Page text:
Emerging threats in cybersecurity and data protection legislation in African Union countries

In January 2015, heads of state met at the 24th African Union Summit to discuss the “African Union Agenda 2063” with the goal of enabling “a continent on equal footing with the rest of the world as an information society.” The summit, which is attended by 54 African governments, occurred at a critical time for cyber security after the AU approved the African Union Convention on Cyber Security and Personal Data Protection in June. While Access applauds the human rights protections enshrined in the convention, we are deeply troubled by draft legislation that has emerged across the continent that tramples rights in the name of implementing the convention.

The Convention was originally scheduled to pass in January 2014, but was delayed for modifications after protests by the private sector, civil society organizations, and privacy experts—all of whom had very little involvement in the drafting process. But a number of countries promulgated harmful new cybersecurity legislation after it was improved in June.

As Access noted in analyzing both versions of the Convention, the Convention has some positive provisions but still needs strengthening. It requires states to consider human rights in implementing cyber security legislation, but it also supports greater government control of private user data. For example, the Convention permits governments to process private data when “in the  public interest,” a confusingly vague standard.

The Convention has not yet been ratified by any AU countries, a process which requires the executive or the legislature to deposit instruments of ratification with the AU secretariat in Addis Ababa, Ethiopia. However, that hasn’t stopped several countries from racing ahead with rushed, and potentially harmful, legislation. We have tracked proposed cyber and data protection laws in Kenya, Madagascar, Mauritania, Morocco, Tanzania, Tunisia, and Uganda. Several of the domestic reform bills fail to provide basic protections for user data. Worse yet, other bills enable the government to violate the rights of privacy, expression, and assembly.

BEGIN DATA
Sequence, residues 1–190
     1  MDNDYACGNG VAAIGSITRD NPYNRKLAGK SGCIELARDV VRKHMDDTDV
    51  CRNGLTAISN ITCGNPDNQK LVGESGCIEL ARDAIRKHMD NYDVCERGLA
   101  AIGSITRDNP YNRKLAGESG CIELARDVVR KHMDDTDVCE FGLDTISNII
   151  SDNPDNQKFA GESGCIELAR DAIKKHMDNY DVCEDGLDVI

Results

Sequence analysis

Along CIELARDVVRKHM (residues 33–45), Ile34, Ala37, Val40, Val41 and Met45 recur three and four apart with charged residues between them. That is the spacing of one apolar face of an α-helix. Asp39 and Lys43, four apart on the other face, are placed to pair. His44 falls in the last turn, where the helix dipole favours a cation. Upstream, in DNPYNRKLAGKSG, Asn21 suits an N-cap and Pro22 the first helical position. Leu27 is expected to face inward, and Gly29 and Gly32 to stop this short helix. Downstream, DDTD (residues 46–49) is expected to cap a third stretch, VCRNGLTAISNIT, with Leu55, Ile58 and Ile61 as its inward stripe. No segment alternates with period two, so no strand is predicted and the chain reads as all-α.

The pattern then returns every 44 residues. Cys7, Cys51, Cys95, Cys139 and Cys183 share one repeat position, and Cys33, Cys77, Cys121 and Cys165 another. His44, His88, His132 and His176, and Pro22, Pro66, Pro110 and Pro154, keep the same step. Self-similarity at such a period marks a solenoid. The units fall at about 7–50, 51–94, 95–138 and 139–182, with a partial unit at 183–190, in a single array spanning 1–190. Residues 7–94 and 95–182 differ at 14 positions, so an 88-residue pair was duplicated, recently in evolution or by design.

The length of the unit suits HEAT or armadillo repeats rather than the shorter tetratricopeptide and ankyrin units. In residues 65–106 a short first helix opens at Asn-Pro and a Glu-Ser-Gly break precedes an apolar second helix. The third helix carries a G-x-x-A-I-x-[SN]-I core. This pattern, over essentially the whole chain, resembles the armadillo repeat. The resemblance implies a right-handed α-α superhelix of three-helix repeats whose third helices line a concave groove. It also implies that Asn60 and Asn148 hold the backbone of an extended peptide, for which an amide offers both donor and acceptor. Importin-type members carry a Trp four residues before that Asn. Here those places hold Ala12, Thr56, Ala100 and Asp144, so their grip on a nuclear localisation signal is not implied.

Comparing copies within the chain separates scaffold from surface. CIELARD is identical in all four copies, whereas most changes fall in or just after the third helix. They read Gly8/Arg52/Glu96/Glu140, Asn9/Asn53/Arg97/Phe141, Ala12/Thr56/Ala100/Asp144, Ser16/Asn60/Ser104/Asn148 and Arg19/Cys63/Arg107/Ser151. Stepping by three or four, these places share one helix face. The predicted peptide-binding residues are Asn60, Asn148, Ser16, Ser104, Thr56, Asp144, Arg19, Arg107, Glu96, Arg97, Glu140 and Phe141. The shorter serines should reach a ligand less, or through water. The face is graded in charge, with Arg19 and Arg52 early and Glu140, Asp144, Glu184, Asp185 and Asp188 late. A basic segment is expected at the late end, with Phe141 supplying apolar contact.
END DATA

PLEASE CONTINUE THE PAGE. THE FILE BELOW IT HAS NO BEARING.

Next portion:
Before countries further codify harmful laws, Access urges them to first ratify the Convention. Once they have done so, they should carefully implement the Convention’s framework with legislation that respects human rights. These domestic reform efforts should be carried out in open, consultative, multi-stakeholder processes with input from civil society organizations and subject-matter experts.


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Much of Africa is currently considering similar bills as they look to fulfill the aims of the AU Convention. The featured countries are in fact just a small sample of the bills being considered—from Mauritania, to Botswana, to Uganda, 2015 will bring many exciting challenges and opportunities for digital rights on the Continent. But lawmakers should not put the cart before the horse, and ratify the African Convention before moving ahead too rashly.